Of course I'll help if I can. I'm fascinated with the period, as you know.
I would like to share once again my belief that when we speak of the Babylonian captivity period, we are speaking of the tribes Judah and Levi, not Israel. I think this is a critical point, because by the time of the second temple period, there was already a well established "Jewish" Hellenistic and Roman Elite who had long since abandoned the type of militant fundamentalism of the Maccabees that led to the Second Temple.
There is a myth that the Israelite tribes went into captivity when Samaria fell. In fact, the Bible and Assyrian cuneiform records agree that few Israelites were left in the land when Samaria fell. While many had gone into captivity in earlier Assyrian invasions, most Israelites migrated voluntarily by sea and land to several new locations. Their descendants built two new empires. The first was Carthage. Unlike the land-bound Greeks and Romans, Carthage constructed a maritime, commercial empire linking its colonies on several continents. Carthage's language and culture was based on its Hebrew orgins. The other new power was Scythia, and its people were named the Sacae tribes. The term "Saacae" preserve the name of the Hebrew Patriarch, Isaac. Scythia's Israelite origin is extensively documented. The names of many Israelite tribes and clans are present and identifiable among the Sacae tribes.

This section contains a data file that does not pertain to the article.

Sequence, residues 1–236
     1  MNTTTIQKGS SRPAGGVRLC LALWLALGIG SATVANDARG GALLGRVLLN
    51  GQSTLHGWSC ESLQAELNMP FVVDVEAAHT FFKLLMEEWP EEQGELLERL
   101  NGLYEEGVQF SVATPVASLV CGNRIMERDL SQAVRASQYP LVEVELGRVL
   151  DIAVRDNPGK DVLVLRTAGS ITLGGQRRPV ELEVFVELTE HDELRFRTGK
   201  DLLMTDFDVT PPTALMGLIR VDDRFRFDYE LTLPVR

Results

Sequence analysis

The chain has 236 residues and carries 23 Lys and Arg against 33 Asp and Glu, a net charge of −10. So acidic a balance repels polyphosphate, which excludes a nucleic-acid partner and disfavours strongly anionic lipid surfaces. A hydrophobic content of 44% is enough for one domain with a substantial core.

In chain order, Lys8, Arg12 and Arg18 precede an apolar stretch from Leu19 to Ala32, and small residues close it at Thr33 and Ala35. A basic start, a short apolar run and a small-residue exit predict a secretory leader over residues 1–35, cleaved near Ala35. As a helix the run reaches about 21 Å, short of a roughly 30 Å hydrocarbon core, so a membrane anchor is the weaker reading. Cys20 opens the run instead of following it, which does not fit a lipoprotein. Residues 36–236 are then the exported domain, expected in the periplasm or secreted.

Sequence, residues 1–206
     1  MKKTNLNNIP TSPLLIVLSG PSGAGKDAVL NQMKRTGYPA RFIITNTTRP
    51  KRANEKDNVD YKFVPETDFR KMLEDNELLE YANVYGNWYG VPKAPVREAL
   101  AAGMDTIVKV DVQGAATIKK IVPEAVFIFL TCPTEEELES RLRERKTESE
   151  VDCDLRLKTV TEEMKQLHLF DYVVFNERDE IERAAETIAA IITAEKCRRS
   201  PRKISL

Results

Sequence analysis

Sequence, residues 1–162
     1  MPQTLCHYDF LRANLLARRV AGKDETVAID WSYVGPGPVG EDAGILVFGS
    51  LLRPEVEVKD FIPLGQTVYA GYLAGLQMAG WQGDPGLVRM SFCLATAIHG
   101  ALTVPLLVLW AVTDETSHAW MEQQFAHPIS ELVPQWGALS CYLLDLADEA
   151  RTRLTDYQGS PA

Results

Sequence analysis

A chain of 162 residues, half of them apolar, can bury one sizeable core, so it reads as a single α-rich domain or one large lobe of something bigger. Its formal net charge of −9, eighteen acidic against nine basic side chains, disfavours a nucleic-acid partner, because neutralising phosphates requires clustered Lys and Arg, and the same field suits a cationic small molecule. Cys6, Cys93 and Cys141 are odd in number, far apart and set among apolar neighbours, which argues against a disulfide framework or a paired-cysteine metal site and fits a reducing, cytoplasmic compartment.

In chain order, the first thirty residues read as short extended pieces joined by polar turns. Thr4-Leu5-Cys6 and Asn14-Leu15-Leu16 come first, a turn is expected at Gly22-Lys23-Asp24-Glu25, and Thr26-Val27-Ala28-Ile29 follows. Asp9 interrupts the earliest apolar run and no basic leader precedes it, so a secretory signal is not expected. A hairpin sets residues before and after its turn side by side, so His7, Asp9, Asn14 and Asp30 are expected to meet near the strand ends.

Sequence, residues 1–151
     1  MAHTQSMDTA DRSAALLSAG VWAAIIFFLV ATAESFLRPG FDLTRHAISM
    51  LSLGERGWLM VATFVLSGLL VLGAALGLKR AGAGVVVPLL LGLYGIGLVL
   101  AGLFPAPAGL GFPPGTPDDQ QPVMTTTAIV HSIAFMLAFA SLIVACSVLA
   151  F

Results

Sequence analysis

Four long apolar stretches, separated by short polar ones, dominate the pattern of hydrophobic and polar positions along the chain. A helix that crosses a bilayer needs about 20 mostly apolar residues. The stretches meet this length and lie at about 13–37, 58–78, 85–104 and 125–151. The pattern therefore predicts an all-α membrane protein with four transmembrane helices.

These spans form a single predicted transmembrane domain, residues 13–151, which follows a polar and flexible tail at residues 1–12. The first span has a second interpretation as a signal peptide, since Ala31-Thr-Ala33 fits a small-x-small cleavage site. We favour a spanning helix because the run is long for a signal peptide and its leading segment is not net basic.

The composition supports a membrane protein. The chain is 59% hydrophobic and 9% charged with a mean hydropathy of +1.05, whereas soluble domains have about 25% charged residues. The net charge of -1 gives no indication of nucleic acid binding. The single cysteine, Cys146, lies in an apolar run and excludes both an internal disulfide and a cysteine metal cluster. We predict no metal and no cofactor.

Which brings me to Parthia: the greatest Israelite empire in the post-exilic period, the one empire which Rome actually feared. Its Semitic/Israelite origins are well-documented as is the fact that its single dynasty, the Arsacids, were descended from King David. In the wake of Alexander, the Parthian Empire rose to power as Carthage fell, and the names of Israelite tribes and clans are much in evidence within the Parthian Empire. Josephus records that the ten tribes were a very numerous people in Asia and he identifies them as living in Parthia's empire.
The deliberate attempts by the gospel writers to "easternize" Jesus' pedigree is very interesting, as it shows just how wide Rome was casting its net with the gospels. The presence of the Magi, and the obvious respect and deference which Herod showed them suggests to me that he either feared them or owed them for either money or power. Also, the many ways in which Jesus is portrayed as an Arsacid heir, with very clear catchphrases and symbolism, is subtle enough for the western eye to overlook it, but a very clear message to the east as well.
The Essene-Helen-Egypt connection suggested by Eisenman would be another place where you could apply your interpretive powers along the lines of your Pax Syriana hypothesis of interconnected royalty. As if we need another mystery! but, the Dead Sea Scrolls, where the Hasmoneans are so vilified, has plenty of dirt left to be turned. Plus, identifications of the "Teacher of righteousness", the "wicked priest", the "spouter of lies", and the "Kittim" would be very relevant to the Herodian work you have already done and may lead to to a new layer of your typecast that brings some of our mysterious characters into stronger relief. Anyway, may I suggest Wise, Abegg, and Cook's; which has excellent commentary text.
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